When Are Fiduciary Bonds Required in Probate?

Fiduciary bonds or administrator’s bonds, act like an insurance policy covering the administrator’s performance of his or her duties. The purpose is to ensure that the administrator does not steal the beneficiary’s assets, which is what the bond insures against.

Fiduciary bonds are not required if the decedent left a valid Last Will and Testament that specifically waives the requirement for a bond. This alone is a compelling reason why everyone should have a Will, even if their intended beneficiaries are the same people who would inherit under the intestacy laws.

Fiduciary bonds are required if the decedent’s Last Will and Testament did not waive bond, or if the decedent died intestate (without a will). It may take one to three weeks for fiduciary bond to be issued and the estate cannot be probated until the bond is issued.

The amount of the bond depends on the size of your estate. Pennsylvania requires the bond to be double the value of the personal assets. Real estate is not typically included in the bonded amount. Because real estate is inherently fixed, there’s no concern that the personal representative will steal it. The amount of the fiduciary bond can fluctuate over time. If more assets are discovered, the amount could increase. If a distribution is made from the estate, the amount could decrease. You should monitor the amount of the bond to be sure that it accurately reflects the value of the estate.

Fiduciary bonds are usually renewed on an annual basis. The longer the estate remains open, the more money is paid out in bond premiums by the estate. This creates an incentive for the personal representative to keep things moving and complete the process as quickly as possible. A pro rata refund of the bond premium may be available if the estate is closed before the one year anniversary of the bond issue date.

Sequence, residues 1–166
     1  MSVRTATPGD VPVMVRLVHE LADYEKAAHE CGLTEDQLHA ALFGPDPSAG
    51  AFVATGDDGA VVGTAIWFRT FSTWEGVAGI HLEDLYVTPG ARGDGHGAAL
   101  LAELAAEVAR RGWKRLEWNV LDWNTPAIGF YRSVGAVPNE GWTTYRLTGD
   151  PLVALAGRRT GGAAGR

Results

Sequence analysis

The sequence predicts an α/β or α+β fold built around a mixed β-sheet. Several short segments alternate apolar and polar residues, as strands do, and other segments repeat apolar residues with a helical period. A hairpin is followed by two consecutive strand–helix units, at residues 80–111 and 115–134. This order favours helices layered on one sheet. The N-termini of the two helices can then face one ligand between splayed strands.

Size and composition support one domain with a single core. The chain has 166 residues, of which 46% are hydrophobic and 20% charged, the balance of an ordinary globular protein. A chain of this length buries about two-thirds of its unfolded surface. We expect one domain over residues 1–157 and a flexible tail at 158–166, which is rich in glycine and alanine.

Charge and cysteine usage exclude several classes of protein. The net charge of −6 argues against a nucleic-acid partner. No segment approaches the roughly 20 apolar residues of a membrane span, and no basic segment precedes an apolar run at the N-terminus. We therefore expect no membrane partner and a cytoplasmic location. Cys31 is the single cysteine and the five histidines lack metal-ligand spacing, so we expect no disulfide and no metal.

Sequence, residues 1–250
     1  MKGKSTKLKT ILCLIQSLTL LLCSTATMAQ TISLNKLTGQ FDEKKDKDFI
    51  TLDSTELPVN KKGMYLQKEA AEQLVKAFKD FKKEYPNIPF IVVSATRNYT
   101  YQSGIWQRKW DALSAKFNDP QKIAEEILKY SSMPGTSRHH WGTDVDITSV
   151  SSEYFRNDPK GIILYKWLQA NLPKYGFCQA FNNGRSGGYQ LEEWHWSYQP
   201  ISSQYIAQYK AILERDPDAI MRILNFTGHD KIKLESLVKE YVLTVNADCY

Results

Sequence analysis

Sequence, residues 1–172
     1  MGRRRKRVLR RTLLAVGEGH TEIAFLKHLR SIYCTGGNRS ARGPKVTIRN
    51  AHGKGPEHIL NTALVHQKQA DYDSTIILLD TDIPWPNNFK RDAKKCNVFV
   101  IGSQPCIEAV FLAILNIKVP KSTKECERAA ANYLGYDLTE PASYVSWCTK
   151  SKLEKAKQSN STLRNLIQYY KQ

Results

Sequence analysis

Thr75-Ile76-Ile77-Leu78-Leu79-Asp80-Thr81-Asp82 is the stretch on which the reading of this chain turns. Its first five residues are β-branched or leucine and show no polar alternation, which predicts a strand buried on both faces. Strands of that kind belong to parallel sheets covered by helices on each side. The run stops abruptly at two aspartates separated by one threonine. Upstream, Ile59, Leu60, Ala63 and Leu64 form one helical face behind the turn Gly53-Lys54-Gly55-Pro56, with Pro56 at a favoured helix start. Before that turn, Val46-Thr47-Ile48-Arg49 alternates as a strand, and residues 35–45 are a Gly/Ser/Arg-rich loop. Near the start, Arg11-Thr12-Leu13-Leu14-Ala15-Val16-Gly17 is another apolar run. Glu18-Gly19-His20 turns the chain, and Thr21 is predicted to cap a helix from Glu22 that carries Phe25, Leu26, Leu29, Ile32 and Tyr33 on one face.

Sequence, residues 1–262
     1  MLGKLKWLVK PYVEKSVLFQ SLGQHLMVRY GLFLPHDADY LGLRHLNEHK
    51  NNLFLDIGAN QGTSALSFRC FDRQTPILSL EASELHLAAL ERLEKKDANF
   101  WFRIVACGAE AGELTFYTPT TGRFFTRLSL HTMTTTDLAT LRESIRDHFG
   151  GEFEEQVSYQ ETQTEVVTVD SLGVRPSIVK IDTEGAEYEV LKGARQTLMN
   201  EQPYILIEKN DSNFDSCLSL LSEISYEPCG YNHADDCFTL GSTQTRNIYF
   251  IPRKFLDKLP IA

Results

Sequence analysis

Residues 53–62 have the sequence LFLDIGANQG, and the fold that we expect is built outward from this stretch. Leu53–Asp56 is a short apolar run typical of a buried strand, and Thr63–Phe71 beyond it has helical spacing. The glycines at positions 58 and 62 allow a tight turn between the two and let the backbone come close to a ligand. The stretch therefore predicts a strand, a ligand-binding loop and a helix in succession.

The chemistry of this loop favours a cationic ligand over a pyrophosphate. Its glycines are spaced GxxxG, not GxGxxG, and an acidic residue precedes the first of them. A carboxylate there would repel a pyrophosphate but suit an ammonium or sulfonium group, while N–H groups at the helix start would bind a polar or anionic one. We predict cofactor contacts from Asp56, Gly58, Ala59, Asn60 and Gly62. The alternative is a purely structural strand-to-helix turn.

If you have any questions about surety bonds or probating an estate please call Gregory J. Spadea at 610-521-0604. Spadea & Associates, LLC located in Ridley Park, Pennsylvania provides estate and tax planning services and probates estates.

Why Should I Have a Will?

A will is the starting point of any good estate plan. A will is a legal document that directs how your estate is administered and allows distribution of your assets to your named beneficiaries and contingent beneficiaries after your death. A properly drafted will protects your family by helping them meet their future financial needs after your death. A will minimizes your taxes by reducing the size of your taxable estate. Having a will also avoids intestacy proceedings to determine how your estate should be distributed. Having a will also avoids your beneficiaries from posting a bond to probate your estate. It is very important to name an executor who is responsible for settling the estate, filing all the inheritance tax, estate tax and income tax returns and carrying out the provisions of the Will.

It also enables you and your spouse to set up a testamentary trust for your children if you both were to die at the same time. You would also name a trustee that would watch over the trust assets and distribute them to pay for support, education and maintenance of your children until they reach twenty five or any age you and your spouse deem appropriate. A will allows you to name a guardian to raise minor children, which avoids having the Orphans Court appoint a guardian based on the information it can gather after you and your spouse die.

You can state in your will that you may leave a memorandum suggesting the distribution of certain personal items that you want distributed after your death such as jewelry, china, coin collections, memorabilia, tools or golf clubs etc. You can avoid potential conflict by leaving a signed and dated list with your will explaining who should get these personal items.

You should consider updating your will if any of the following occur:

1. Substantial increase or decrease in your estate assets.
2. You retire or sell your residence.
3. If you get married or get divorced.
4. Any new births or deaths in your family.
5. You move to another state or country.
6. You start a business, add a partner or terminate one.
7. The federal estate tax or income tax laws change.
However, a will only covers assets in your name. It does not cover jointly owned assets or assets with named beneficiaries such as retirement or brokerage accounts. Therefore you should regularly update your beneficiary designations on those types of accounts.
The most important thing a will gives you is peace of mind knowing that your family and loved ones are taken care of.

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